FX Trading focus: USD bears celebrate weak CPI print, but…
The US CPI print came in weaker than expected for both the headline and for the ex Food and Energy figure. The headline softness was driven by huge drops in energy prices from June levels, with the entire energy category market -4.6% lower month-on-month and gasoline down -7.7%, much of the latter on record refinery margins collapsing. The ex Food & Energy category was up only +0.3% vs. the +0.5% expected, with soft prices month-on-month for used cars and trucks (-0.4%) and especially airfares (-7.8%) dragging the most on figure.
Risk sentiment is off to the races as this fits the market’s Goldilocks soft-landing scenario, particularly given recent stronger-than-expected activity data. It’s hard to tell how far the market can take the reaction function to a data point like this when we are trading in an illiquid month and some very volatile categories are behind the surprise inflation number today, and recent data reactions have failed to hold beyond the end of the day. But for now, the USD has triggered lower and taken out some important local support. We suspect it is far too early in the cycle to call the aggressive shift from the Fed that the market has been pricing, as this July CPI data point has seen the market marking the September FOMC decision down close to 50 basis points now and taking more of the tightening out of the meetings beyond. The market’s interpretation of a profound shift in the Fed, the Fed’s own protestations notwithstanding, has driven a strong easing of financial conditions since mid-June. Could this result in the economy showing a heating up in the coming months, also as the shock of higher gasoline price in particular may have eased the pressure on consumer sentiment? The preliminary Aug. University of Michigan Sentiment survey could be an interesting test on that front.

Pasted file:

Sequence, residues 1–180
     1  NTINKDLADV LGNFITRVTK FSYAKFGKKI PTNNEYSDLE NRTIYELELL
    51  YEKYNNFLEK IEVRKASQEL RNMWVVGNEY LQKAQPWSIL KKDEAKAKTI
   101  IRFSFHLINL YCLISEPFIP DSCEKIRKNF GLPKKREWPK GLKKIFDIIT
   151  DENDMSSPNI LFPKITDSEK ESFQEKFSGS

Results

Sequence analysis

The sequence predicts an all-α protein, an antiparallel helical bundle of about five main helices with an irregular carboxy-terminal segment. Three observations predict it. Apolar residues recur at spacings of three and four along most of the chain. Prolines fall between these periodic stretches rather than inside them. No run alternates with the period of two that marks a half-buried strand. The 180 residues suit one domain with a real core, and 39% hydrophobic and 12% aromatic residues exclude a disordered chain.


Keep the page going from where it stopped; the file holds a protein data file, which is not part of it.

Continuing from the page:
For now, USDJPY posted the biggest reaction to the data point today as one would expect on the big move in treasury yields – more on USDJPY below. EURUSD has broken above the local resistance just below 1.0300, but faces a more significant resistance level in the 1.0350 area – one that could lead to a return to 1.0500+ if this move sticks through the Friday close. Again, as mentioned recently, it is too early to call an end of the EURUSD bear – the market’s view will have to play out as currently priced, with all of the Goldilocks implications, etc., for the USD to shift to a sustained and broad bear market here. Elsewhere, AUDUSD has vaulted above 0.7000, the tactical bull/bear line, with a huge zone up into 0.7150-0.7250 the more structural area of note for direction. Gold not holding above 1,800 in reaction to this data point as of this writing is already a weak performance, and I am watching much of the treasury market kneejerk reaction higher seeping out of the US treasury market as well – so some of the reaction is already fading fast – stay tuned!
A US treasury auction is up today at 1700 GMT – the longer end of the US yield curve may be the most important coincident indicator for all markets here – if yields pull back higher, for example the US 10-year benchmark moving back above 2.87% and especially toward 3.00%, today’s reaction in the USD and the JPY, etc.. should quickly reverse.
The bottom dropped out of USDJPY on the softer than expected US July CPI data this afternoon, just as it vaulted higher on Friday on the stronger than expected US July jobs report – with US yields the key coincident indicator. On that note, the US Treasury market reaction fading fast in the wake of today’s data point suggests USDJPY bears should be cautious here – if the US 10-year benchmark closes back above 2.75% and especially above 2.87% in coming days, this move may be quickly neutralized, although if we do close down here well south of 133.50, the candlestick looks rather bearish for a test lower. If the pair closes back well above 134.00, the next step would be a move above 136.00 to suggest the bull market is back on (likely as US 10-year treasury yields pull to 3.00% or higher).